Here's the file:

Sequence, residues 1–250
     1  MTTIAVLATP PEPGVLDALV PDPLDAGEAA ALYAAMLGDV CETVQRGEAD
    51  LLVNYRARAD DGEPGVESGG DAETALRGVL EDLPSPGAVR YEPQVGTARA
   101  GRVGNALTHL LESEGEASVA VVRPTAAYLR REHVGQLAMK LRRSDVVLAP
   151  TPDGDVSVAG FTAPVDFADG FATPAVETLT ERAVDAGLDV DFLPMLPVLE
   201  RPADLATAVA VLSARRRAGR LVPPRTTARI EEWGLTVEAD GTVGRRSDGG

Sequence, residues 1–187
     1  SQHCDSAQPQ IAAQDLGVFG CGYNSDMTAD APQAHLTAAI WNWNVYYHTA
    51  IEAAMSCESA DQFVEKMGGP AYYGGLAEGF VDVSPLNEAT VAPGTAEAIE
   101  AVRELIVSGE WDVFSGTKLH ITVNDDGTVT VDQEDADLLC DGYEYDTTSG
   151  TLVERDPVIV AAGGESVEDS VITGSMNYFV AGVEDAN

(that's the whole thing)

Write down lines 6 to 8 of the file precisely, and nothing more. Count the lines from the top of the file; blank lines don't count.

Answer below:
   201  RPADLATAVA VLSARRRAGR LVPPRTTARI EEWGLTVEAD GTVGRRSDGG

Sequence, residues 1–187
     1  SQHCDSAQPQ IAAQDLGVFG CGYNSDMTAD APQAHLTAAI WNWNVYYHTA